IMR Press / FBE / Volume 14 / Issue 3 / DOI: 10.31083/j.fbe1403019
Open Access Editorial
Oral Microbiota Changes during Orthodontic Treatment
Show Less
1 Department of General Surgery and Surgical-Medical Specialties, School of Dentistry, University of Catania, 95124 Catania, Italy
*Correspondence: alexpoli345@gmail.com (Alessandro Polizzi)
These authors contributed equally.
Academic Editor: Viorel-Puiu Paun
Front. Biosci. (Elite Ed) 2022, 14(3), 19; https://doi.org/10.31083/j.fbe1403019
Submitted: 28 February 2022 | Revised: 9 March 2022 | Accepted: 9 March 2022 | Published: 27 July 2022
(This article belongs to the Special Issue Relationship between oral health and systemic health: an update)
Copyright: © 2022 The Author(s). Published by IMR Press.
This is an open access article under the CC BY 4.0 license.
Abstract

Orthodontic treatment has become increasingly popular due to its benefits in improving facial and smile aesthetics, self-esteem and the function of the stomatognathic apparatus. However, orthodontic appliances make it more difficult to brush teeth effectively, as they interfere with tooth brushing and facilitate the accumulation of dental plaque (biofilm), which induces a quantitative and qualitative change in the oral microbiota. It can cause several adverse effects, such as gingivitis, periodontitis, white spot lesions (WSL), caries and halitosis, induced by an increase in periodontopathogenic and cariogenic bacteria. Therefore, this article resumes the main findings on the changes in the oral microbiota induced by different orthodontic appliances (removable, fixed and clear aligners) and gives some practical strategies in order to reduce the impact and/or incidence of local dental/periodontal complications.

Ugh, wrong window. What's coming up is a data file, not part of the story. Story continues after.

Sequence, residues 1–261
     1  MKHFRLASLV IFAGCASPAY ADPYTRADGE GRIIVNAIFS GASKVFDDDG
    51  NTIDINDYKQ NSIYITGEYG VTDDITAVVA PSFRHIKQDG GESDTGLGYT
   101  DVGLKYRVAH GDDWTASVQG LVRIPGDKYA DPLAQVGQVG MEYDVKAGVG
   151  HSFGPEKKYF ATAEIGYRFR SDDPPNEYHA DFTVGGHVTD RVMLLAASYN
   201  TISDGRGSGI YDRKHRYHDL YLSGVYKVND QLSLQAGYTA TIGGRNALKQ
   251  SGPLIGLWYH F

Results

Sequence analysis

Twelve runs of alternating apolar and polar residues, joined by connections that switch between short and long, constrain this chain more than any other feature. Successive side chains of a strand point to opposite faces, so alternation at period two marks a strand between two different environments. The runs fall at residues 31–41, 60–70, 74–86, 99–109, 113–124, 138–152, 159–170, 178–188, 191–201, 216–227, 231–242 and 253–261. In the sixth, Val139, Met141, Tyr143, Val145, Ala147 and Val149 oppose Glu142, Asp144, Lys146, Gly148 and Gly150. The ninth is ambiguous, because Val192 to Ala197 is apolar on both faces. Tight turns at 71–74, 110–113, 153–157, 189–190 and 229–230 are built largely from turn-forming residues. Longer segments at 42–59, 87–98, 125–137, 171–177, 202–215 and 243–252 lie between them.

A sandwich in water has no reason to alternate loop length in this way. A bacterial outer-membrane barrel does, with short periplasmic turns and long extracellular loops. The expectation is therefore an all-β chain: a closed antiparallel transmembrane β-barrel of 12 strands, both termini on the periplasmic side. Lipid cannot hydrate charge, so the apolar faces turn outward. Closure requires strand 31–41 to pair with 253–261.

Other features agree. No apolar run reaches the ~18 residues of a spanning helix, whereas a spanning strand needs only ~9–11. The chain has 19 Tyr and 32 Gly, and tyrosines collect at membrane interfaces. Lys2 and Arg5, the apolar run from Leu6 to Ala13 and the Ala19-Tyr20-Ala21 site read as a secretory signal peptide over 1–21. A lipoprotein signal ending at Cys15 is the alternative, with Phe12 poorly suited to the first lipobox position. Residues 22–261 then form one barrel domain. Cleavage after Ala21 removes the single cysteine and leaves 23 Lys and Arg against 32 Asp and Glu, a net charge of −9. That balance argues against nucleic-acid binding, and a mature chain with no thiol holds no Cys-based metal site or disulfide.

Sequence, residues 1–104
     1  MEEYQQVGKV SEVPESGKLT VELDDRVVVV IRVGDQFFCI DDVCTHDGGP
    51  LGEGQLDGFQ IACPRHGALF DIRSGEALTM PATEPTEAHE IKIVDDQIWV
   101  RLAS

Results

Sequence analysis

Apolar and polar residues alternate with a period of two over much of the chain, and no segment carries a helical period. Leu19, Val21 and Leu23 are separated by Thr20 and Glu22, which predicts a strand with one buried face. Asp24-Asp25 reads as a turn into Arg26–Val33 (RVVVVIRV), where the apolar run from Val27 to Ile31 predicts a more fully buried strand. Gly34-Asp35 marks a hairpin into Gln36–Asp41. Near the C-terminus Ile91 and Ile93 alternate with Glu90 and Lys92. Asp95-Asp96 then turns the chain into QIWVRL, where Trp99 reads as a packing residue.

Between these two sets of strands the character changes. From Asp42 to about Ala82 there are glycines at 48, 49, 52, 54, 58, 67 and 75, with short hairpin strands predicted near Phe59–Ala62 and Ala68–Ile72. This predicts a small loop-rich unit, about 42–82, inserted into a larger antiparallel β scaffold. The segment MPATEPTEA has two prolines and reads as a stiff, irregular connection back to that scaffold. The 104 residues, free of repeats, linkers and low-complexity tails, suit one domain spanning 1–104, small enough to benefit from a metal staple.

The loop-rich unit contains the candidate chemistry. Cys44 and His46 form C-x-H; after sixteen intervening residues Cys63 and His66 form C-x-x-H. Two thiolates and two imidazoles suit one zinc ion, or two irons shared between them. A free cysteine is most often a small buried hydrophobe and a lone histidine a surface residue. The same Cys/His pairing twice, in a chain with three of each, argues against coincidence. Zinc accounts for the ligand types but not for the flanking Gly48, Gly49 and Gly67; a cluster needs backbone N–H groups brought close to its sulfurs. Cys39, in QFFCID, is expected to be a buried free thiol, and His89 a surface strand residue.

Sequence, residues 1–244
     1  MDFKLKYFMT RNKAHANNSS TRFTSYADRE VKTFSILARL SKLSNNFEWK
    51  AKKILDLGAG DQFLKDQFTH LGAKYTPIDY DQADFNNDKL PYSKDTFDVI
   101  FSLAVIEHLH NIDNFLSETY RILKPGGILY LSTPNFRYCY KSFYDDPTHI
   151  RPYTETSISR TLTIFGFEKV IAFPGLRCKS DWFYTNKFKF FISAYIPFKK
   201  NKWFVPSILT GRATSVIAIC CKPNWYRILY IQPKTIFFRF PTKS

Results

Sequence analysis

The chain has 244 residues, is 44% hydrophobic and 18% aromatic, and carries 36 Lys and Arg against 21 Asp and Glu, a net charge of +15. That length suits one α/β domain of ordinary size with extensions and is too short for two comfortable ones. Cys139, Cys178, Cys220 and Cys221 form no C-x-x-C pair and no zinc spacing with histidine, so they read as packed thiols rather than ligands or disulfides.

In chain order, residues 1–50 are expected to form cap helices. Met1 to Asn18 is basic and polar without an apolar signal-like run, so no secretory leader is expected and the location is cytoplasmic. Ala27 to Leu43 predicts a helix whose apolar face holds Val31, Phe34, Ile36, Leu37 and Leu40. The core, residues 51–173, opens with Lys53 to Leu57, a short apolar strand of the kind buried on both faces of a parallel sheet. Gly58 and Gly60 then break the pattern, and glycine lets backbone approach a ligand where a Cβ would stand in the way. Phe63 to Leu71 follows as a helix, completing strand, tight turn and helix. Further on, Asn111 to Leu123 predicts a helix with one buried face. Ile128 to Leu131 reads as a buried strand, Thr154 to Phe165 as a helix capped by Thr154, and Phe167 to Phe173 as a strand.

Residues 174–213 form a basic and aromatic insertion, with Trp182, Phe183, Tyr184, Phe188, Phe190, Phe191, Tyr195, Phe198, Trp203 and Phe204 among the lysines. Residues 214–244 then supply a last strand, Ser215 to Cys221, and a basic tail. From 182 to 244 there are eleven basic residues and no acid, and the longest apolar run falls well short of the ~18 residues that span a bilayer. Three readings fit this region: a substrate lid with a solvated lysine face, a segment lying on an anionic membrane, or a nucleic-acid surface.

Keywords
orthodontic treatment
oral microbiome
gingivitis
caries
periodontitis
white spot lesions
orthodontic removable appliances